Pope Benedict to visit U.S.

Sister Susan Mary Born and Stephanie Eklund, both of Upper Darby, Pa., pose with a cutout replica of Pope Benedict XVI at the gift shop at the Basilica of the National Shrine of the Immaculate Conception in Washington on Monday. Jacquelyn Martin, The Associated Press

Sister Susan Mary Born and Stephanie Eklund, both of Upper Darby, Pa., pose with a cutout replica of Pope Benedict XVI at the gift shop at the Basilica of the National Shrine of the Immaculate Conception in Washington on Monday. Jacquelyn Martin, The Associated Press

By Rachel Zoll

NEW YORK – A theologian recalls the then-cardinal’s deep understanding of Protestantism. A former U.S. ambassador to the Vatican was impressed by his interest in all things American.

Those who have met Pope Benedict XVI say the nation should expect a man who knows and admires much about the U.S., but also sees a culture in need of moral guidance.

Benedict arrives late Tuesday for a six-day visit to Washington and New York filled with high-profile events. He will meet President Bush at the White House, address leaders in Roman Catholic higher education, speak at the U.N., visit ground zero and hold two stadium Masses before leaving Sunday night.

It will be the first papal visit by Benedict since he was elected in 2005. However, the former Cardinal Joseph Ratzinger – who will celebrate a birthday and the anniversary of his election to the papacy while in the U.S. – traveled to America five times during his many years as the Vatican’s doctrinal watchdog.

The Rev. David Wells, a theologian at Gordon-Conwell Theological Seminary, a prominent evangelical school outside Boston, met Ratzinger years ago at a conference.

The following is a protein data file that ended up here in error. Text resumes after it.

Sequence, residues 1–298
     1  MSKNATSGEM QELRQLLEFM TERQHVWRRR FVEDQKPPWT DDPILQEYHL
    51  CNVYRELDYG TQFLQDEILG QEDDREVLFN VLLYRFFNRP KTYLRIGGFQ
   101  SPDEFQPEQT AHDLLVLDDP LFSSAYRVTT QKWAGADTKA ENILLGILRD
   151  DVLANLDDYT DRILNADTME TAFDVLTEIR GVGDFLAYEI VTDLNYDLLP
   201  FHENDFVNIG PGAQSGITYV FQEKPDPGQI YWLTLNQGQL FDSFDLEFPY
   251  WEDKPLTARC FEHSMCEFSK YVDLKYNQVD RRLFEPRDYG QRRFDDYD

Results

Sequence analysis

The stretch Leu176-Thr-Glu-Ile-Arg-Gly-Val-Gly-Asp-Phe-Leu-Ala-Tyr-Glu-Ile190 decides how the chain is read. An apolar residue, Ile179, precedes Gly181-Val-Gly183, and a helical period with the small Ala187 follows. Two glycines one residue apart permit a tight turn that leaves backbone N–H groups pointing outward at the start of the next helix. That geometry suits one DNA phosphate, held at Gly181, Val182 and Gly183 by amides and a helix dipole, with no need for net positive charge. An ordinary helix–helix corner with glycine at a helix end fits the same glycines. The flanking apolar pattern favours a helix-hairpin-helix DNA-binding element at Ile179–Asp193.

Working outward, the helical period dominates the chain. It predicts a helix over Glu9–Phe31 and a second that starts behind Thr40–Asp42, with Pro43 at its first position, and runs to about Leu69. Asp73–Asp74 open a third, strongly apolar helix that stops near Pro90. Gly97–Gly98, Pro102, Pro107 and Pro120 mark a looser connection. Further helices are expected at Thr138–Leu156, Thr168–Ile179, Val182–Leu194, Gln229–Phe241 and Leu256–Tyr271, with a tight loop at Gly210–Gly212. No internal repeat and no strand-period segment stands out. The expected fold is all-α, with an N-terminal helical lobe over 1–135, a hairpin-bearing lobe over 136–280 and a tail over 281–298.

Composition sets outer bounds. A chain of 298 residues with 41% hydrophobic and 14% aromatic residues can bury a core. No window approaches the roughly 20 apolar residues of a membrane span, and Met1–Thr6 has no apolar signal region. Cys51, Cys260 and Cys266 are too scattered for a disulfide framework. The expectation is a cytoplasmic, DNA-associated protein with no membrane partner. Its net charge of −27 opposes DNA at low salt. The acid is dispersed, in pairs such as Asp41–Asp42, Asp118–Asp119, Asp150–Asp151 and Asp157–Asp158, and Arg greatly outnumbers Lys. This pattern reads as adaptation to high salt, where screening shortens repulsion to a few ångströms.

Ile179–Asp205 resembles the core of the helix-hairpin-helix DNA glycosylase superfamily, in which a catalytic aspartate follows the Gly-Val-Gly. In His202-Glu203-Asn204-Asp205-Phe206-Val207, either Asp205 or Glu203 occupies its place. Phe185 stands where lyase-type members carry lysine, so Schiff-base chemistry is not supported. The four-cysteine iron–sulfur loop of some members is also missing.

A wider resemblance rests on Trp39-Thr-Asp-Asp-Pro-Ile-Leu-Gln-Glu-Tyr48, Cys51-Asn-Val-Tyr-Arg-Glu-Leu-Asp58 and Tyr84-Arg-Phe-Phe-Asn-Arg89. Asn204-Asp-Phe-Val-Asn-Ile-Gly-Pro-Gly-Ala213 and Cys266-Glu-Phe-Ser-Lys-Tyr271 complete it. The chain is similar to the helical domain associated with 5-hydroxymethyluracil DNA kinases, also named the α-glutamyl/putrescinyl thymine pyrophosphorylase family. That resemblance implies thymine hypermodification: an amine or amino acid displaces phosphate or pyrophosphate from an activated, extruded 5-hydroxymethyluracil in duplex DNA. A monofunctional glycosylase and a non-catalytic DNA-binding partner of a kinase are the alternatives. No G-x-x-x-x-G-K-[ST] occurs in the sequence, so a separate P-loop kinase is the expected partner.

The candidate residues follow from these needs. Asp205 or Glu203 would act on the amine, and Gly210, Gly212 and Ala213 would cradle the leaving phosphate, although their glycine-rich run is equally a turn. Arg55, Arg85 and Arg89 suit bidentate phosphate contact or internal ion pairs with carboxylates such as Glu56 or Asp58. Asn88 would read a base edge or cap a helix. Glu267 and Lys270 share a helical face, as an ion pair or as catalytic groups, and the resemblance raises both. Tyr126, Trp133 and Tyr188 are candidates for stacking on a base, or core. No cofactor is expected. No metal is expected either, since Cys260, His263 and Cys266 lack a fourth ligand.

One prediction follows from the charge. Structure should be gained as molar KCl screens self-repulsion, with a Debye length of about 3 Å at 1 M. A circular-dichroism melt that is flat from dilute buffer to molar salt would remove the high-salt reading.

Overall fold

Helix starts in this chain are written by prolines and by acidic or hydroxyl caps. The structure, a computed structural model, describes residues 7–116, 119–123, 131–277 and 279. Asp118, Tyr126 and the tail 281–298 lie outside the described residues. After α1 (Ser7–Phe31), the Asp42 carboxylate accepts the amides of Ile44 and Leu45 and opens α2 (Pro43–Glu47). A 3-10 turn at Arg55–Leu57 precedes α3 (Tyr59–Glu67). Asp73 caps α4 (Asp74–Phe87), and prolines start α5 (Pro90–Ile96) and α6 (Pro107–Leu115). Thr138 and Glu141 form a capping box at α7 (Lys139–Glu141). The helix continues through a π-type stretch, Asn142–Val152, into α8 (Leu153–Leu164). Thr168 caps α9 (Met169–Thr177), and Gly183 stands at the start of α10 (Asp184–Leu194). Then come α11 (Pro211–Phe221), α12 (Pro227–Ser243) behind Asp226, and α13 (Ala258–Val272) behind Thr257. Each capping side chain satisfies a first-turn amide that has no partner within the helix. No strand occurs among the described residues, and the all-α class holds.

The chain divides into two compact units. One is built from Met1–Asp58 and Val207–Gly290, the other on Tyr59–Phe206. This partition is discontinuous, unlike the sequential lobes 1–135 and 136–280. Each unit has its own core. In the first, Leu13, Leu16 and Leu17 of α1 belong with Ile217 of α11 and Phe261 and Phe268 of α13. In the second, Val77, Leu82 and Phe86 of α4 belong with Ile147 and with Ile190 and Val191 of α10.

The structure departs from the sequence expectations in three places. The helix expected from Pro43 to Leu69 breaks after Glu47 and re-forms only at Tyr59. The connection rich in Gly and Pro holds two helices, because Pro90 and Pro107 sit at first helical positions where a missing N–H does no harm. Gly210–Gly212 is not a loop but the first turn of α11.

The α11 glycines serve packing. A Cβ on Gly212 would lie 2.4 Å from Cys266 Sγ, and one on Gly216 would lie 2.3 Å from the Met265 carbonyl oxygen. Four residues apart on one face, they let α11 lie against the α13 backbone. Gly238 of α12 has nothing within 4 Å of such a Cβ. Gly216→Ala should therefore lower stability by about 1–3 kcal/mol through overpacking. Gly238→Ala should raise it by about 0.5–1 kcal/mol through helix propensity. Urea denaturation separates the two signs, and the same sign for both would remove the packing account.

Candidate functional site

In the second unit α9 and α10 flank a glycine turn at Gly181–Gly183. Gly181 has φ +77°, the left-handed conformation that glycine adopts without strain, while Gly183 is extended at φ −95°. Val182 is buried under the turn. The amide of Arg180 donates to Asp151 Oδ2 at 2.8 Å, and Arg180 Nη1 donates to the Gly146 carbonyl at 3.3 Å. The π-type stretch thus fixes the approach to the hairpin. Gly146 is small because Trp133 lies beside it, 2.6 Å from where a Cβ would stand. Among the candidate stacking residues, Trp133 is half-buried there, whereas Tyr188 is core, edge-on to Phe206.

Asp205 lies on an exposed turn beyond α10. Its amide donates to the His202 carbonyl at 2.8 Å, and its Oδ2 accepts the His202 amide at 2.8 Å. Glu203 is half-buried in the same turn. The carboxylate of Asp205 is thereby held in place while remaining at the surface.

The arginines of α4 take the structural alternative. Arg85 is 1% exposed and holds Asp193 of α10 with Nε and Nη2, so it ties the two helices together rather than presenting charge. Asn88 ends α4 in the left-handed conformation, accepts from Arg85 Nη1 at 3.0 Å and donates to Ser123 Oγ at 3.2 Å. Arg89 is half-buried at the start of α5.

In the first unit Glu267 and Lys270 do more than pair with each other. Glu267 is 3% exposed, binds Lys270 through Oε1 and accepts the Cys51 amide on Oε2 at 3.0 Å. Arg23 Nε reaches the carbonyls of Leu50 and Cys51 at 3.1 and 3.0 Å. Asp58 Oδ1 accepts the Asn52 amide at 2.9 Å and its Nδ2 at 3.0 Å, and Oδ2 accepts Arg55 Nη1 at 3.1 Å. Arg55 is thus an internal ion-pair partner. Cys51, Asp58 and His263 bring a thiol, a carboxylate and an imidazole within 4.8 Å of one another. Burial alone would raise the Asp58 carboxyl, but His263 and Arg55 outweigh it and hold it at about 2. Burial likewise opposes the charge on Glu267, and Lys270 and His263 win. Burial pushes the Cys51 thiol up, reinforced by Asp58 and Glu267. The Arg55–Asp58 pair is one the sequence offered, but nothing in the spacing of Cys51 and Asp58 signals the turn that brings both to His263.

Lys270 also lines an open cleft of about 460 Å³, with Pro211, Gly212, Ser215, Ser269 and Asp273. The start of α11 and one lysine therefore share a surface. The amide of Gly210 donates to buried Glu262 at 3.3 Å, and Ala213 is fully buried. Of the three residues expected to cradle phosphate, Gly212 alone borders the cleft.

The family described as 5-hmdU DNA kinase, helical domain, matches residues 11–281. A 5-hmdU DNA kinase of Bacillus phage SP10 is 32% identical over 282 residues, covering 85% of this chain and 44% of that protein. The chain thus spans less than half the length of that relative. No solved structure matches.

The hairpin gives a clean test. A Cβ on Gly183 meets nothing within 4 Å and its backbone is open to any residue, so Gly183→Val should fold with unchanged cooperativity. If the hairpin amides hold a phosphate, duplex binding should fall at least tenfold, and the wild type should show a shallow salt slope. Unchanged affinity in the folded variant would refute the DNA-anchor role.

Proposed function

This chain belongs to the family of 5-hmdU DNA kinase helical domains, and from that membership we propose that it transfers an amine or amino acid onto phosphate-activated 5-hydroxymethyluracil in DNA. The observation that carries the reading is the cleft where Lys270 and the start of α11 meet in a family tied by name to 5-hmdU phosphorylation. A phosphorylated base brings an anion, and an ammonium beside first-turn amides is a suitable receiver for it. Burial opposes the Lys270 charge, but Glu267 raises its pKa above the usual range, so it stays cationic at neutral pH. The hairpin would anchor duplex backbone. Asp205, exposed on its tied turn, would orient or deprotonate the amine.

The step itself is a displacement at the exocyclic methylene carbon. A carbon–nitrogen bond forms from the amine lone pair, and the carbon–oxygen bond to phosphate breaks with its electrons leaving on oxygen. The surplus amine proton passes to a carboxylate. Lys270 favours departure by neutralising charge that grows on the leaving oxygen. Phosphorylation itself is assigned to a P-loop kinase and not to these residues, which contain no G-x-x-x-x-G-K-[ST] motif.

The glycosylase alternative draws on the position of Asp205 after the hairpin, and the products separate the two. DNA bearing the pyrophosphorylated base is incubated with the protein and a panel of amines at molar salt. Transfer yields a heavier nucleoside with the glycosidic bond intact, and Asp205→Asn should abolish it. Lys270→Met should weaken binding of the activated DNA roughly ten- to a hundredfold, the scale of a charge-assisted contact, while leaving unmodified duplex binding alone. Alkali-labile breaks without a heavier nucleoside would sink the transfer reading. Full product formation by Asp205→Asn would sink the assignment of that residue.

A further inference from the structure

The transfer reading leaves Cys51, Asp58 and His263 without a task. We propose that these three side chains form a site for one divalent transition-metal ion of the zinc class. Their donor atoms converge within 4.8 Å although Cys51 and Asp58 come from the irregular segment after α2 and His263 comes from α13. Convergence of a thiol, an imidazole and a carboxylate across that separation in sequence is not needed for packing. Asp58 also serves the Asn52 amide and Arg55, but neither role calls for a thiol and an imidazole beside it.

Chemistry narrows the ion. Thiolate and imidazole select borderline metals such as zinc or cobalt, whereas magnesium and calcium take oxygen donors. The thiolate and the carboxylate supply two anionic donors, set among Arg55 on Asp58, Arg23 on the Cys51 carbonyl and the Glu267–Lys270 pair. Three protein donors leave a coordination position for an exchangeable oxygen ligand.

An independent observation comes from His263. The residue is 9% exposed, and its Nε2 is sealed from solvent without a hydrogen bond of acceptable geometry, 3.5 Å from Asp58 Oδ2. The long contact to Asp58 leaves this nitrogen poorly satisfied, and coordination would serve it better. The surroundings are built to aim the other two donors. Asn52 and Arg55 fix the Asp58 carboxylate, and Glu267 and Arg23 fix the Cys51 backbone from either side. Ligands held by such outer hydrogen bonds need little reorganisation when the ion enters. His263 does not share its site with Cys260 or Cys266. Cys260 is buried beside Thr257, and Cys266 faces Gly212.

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    During a coffee break, the Roman Catholic cardinal picked up on a point Wells had made, launching into a detailed discussion of the “Institutes of the Christian Religion,” the seminal theological book by John Calvin and a key work on the Reformation.

    “I was very impressed by the wide range of his knowledge, his lucidity and the grasp of the issues, both historical and contemporary,” Wells said.

    Benedict, a former theology professor, has made ecumenical outreach a cornerstone of his papacy, although he has upset some Protestants by affirming that the Catholic Church is the only “true” church. The pope is holding a prayer service with Protestant and Orthodox Christian leaders Friday night at a Manhattan parish.

    Ray Flynn, the former Boston mayor who served as U.S. ambassador to the Vatican from 1993 to 1997, recalled Ratzinger walking by a newsstand outside St. Peter’s Square where Flynn was looking at papers. Ratzinger stopped and discussed American current events with Flynn for nearly 20 minutes.

    “I was just amazed by his level of curiosity and awareness about all that was taking place in the U.S.,” Flynn said. “He kept using the phrase, ‘the generosity of the United States.'”

    Flynn is among those hosting a birthday party for Benedict on Wednesday night, his 81st birthday, in Washington. It’s not clear whether the pope will attend. The party is among several events related to the visit that aren’t on Benedict’s official itinerary. He is expected to meet privately with religious representatives and other leaders.

    Some Catholics have expressed disappointment that the pope isn’t visiting the Archdiocese of Boston. The clergy sex abuse crisis erupted there in 2002 with the case of one predator priest, then spread nationwide and beyond. Abuse-related costs, including massive settlements with victims, have surpassed $2 billion for American dioceses since 1950.